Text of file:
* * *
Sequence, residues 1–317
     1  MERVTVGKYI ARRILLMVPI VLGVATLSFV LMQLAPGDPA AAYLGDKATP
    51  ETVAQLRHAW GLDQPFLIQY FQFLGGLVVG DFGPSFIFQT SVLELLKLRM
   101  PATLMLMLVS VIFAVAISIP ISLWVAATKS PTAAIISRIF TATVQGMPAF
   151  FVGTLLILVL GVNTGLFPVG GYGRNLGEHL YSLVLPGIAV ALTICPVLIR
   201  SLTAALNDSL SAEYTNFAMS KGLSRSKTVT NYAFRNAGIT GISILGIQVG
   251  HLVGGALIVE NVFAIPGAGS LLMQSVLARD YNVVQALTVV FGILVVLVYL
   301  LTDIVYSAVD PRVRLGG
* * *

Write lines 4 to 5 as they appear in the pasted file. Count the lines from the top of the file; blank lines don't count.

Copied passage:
   101  PATLMLMLVS VIFAVAISIP ISLWVAATKS PTAAIISRIF TATVQGMPAF
   151  FVGTLLILVL GVNTGLFPVG GYGRNLGEHL YSLVLPGIAV ALTICPVLIR